It's free! Latest release:

AMandel 1.28 (80K - Windows)

What is AMandel?

AMandel is an application that lets you view the fractal known as the "Mandelbrot Set", named after Benoit Mandelbrot. You can view any area of the set, with resolution limited only by the computer's processing capabilities.

The main calculations are implemented in assembly language using the Floating Point Unit (FPU) stack and further optimizations for highest speed and performance.

Features include Zoom capabilities, manually entering coordinates, saving image as bitmap, copying image to clipboard, printing image, traversing a history list of visited locations (zooms & unzooms), as well as loading and saving of coordinates for further explorations.


How does it look?


Installation Notes

To install AMandel, Double-Click the setup file. This will start a Setup Wizard that will guide you through the simple installation process.

To uninstall AMandel, select Uninstall from the AMandel Start Menu group, if you selected this option during installation, or run Uninstall from the installation folder.


Copyright (c) 1999-2024 by Amichai Rothman. All Rights Reserved.

This Software is Freeware.

You may make copies, install and run it free of charge.

You may redistribute it to others, complete and unmodified from its original binary form, as long as you do so free of charge as well.

For non-commercial use only.

If you find this software useful please help support it by contributing a donation!

If you like it, why not give something back?



You can contact the author via e-mail at:

Please write in with any bugs, suggestions, fixes, contributions, or just to drop a good word and let me know you've found AMandel useful and you'd like it to keep being maintained.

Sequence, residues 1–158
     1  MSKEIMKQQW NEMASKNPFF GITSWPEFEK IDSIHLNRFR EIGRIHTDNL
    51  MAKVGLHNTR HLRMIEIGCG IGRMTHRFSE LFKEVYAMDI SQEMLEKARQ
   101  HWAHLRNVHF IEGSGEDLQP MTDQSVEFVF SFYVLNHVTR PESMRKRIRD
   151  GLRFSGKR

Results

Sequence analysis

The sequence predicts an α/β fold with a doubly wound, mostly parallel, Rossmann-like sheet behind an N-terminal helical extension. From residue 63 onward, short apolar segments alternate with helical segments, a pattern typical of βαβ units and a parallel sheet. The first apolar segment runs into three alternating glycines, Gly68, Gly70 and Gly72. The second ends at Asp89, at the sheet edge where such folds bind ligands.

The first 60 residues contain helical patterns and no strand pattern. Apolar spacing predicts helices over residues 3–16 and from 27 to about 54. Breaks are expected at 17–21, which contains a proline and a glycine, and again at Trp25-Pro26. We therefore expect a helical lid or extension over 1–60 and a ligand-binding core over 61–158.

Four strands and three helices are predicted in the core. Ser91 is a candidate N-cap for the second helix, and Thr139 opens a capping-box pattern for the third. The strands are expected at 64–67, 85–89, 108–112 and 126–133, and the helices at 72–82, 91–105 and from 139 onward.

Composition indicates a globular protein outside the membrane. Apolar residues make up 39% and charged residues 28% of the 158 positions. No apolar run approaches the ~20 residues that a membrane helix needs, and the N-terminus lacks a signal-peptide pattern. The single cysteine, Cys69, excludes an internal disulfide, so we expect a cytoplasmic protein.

For updates and additional information, you can always visit the website at:


The main calculation (for each pixel) using the FPU follows. If you find any further optimizations, please let me know!

//the original routine in Pascal
{     Repeat
      until (RunAwayCount>RP.iIterate)or(((Zr*Zr)+(Zi*Zi))>MaxDistance);

//and the FPU implementation
        push eax
        push ecx
        push edx
        mov edx, dword ptr [iIterate]
        ffree st(0) //clear FPU stack so we have room for register vars
        ffree st(1)
        ffree st(2)
        ffree st(3)
        ffree st(4)
        ffree st(5)
        ffree st(6)
        ffree st(7)
        mov ecx,0 //RunAwayCount:=0
        fild dword ptr [MaxDistance]
        fldz //Zr=0
        fldz //Zi=0
        fld tbyte ptr [Cr] //leave Cr in register
        fld tbyte ptr [Ci] //leave Ci in register
        fldz    //initial Zi*Zi
        fldz    //initial Zr*Zr

        fxch st(1) //Zr before Zi. pairs nicely with cpu's inc ecx
        inc ecx  //RunAwayCount:=RunAwayCount+1

        fsubp st(1), st(0)  //Zr*Zr-Zi*Zi
        fadd st(0), st(2)  //+Cr
        fxch st(4) //Zr:=Zr*Zr-Zi*Zi+Cr, bring old Zr for Zi's calculation

        fadd st(0), st(0)   //2*Zr (old Zr)
        fmul st(0), st(3) //2*Zr*Zi
        fadd st(0), st(1) //+Ci
        fst st(3)  //Zi:=2*t*Zi+Ci   and leave it in st(0) for later

        cmp ecx, edx  //RunAwayCount>IterateTest?
        jg @@calcend

        fmul st(0), st(0) //Zi*Zi
        fld st(4)  //Zr
        fmul st(0), st(0) //Zr*Zr
        fld st(1)         //make copy of Zi for calculation so we can leave
                          //Zr*Zr and Zi*Zi in regs for next loop
        fadd st(0), st(1) //Zr*Zr+Zi*Zi

        fcomp st(7)  //(Zr*Zr)+(Zi*Zi)>MaxDistance?
        fstsw ax                        //FPU results to ax
        sahf                            //ax to flags
        jbe @@calcloop

         mov dword ptr[RunAwayCount],ecx
         ffree st(0) //release register vars
         ffree st(1)
         ffree st(2)
         ffree st(3)
         ffree st(4)
         ffree st(5)
         ffree st(6)
         ffree st(7)
         pop edx
         pop ecx
         pop eax